Black voting rights takes stage at Sioux Falls MLK Day event
SIOUX FALLS, S.D. (Dakota News Now) - Fifty-one years ago, almost to this day, Dr. Martin Luther King, Jr., spoke about race relations on the grounds of what is now Van Eps Park in downtown Sioux Falls.
Two years ago, that speech was immortalized on Martin Luther King Day with the dedication of a statue, sculpted by local civil rights activist Porter Williams.
Monday’s MLK Day ceremony not only honored King, but prompted a call to action from the recipient of Mayor Paul TenHaken’s “Martin Luther King Day in Sioux Falls” proclamation, Inkka Beaudoin.
“As one of our community leaders, I stand here not to pay lip service to Dr. King’s legacy, and I ask you do the same,” said Inkka Beaudoin, a member of the South Dakota African-American Museum board.
“I ask you to advocate for what Dr. King would have advocated or, and join his family and ours in fighting for voters’ rights.”
Standing next to Beaudoin was Williams, a Sioux Falls resident for over 60 years, who remembers what life was like for black people in Sioux Falls in the MLK days, including the day he spoke in Sioux Falls on Jan. 12, 1961.
“He spoke at the Cataract Hotel, but he couldn’t stay there,” Williams said. “There were different restaurants and parts of Sioux Falls we couldn’t live in.”
About three years ago, TenHaken green-lighted Williams’ idea to make an MLK statue for Van Eps Park.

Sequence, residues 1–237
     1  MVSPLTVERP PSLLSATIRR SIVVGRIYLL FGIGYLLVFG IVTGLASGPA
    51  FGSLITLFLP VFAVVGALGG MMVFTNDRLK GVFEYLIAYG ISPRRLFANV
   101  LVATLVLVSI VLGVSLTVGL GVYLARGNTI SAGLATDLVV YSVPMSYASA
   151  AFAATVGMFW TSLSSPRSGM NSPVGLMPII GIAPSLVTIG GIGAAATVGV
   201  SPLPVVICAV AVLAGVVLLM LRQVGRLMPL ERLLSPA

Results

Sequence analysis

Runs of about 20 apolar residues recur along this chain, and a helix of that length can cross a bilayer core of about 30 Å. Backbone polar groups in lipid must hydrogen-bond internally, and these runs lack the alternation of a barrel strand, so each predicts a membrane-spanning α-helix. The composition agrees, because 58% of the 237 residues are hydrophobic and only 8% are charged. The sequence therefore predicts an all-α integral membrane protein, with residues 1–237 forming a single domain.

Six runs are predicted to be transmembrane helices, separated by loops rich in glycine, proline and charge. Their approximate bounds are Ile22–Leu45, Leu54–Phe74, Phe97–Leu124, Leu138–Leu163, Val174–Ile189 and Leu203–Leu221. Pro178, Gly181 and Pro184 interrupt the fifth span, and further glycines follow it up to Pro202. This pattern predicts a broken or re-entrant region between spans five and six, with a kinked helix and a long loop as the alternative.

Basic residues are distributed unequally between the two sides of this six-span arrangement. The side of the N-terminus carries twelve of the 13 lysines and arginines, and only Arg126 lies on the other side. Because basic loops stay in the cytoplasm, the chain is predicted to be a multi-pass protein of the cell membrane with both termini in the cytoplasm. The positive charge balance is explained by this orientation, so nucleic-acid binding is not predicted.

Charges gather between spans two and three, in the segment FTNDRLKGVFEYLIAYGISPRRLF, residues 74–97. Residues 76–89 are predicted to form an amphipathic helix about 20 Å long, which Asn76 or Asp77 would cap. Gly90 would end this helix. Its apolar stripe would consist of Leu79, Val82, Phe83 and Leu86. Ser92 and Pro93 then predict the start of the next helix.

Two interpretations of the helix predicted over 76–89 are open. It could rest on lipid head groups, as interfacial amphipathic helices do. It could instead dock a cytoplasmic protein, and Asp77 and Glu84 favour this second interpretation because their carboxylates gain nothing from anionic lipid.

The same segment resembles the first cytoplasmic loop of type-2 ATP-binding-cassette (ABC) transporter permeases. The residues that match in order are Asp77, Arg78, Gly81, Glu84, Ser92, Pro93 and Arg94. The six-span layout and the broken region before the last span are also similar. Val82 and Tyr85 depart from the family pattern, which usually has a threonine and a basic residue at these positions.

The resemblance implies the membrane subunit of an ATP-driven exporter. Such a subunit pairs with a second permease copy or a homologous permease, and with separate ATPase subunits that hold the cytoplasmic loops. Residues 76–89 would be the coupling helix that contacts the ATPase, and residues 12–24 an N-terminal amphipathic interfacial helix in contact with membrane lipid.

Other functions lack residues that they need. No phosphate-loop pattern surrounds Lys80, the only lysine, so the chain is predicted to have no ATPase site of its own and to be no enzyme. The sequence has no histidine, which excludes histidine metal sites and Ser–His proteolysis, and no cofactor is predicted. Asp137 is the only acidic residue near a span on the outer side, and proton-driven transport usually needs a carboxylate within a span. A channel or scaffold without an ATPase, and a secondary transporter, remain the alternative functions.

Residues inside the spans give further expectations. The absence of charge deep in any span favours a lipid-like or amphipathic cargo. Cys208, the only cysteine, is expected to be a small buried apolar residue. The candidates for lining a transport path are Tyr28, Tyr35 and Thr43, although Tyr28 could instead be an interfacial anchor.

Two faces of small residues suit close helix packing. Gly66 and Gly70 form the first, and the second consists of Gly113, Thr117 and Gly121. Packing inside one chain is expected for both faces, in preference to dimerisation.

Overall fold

Williams had no idea the impact it would make in short time, when it became the launching spot for the city’s George Floyd march five months after dedication in January of 2020.
“All those thousands of people standing down here - I’m still in awe that many people in the city of Sioux Falls would stand up for a non-violent action,” Williams said. A majority of the people, about 90 percent, were white people. I didn’t get that kind of support (back in the 1960′s).”
So, how have race relations gone since that day in the summer of 2020?
“It’s slipping,” Williams said, “with the Supreme Court stacked the way it is, and with all these different states that are making it hard for Black people to vote... They’d move the booths or whatever, move them outside that community, and they can’t get there to vote.”
And why would some lawmakers want to suppress black voters?
“If people of color, if we were to come together and unite,” Beaudoin said, “the power that we would have to make changes we see fit and are needed in the White House or in public office, I think people are afraid of that, because that’s when real changes would happen.”
Williams fears that change won’t happen unless more people of all races stand up against voter suppression, starting by registering to vote.
“When Trump said to a bunch of Black people, ‘what do you got to lose,’ I said to myself, ‘the right to vote,’ and we’re losing that right. I mean, what’s next? Jim Crow? I hope not.”
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